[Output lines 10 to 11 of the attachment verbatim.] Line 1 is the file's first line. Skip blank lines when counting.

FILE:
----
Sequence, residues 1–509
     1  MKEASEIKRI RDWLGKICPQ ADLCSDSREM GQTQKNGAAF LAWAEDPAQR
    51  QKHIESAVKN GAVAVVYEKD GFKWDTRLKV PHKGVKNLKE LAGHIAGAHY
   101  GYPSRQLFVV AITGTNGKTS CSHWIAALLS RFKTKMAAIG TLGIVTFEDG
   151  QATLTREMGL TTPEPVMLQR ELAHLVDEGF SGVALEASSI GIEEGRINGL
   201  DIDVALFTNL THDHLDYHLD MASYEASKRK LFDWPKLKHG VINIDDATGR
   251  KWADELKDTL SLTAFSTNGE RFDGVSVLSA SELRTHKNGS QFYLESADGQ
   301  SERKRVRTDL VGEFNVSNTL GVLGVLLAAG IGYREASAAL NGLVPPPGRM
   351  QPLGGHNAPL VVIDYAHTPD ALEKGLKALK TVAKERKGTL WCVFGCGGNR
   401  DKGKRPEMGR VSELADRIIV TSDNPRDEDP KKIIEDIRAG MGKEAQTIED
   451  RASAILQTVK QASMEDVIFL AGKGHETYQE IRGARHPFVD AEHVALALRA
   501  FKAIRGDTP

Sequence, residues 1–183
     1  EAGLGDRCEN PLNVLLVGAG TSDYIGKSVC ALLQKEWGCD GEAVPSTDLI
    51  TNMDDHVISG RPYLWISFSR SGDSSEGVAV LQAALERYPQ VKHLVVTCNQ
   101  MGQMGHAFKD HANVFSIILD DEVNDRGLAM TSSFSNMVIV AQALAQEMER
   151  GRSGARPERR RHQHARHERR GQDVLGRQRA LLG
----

   401  DKGKRPEMGR VSELADRIIV TSDNPRDEDP KKIIEDIRAG MGKEAQTIED
   451  RASAILQTVK QASMEDVIFL AGKGHETYQE IRGARHPFVD AEHVALALRA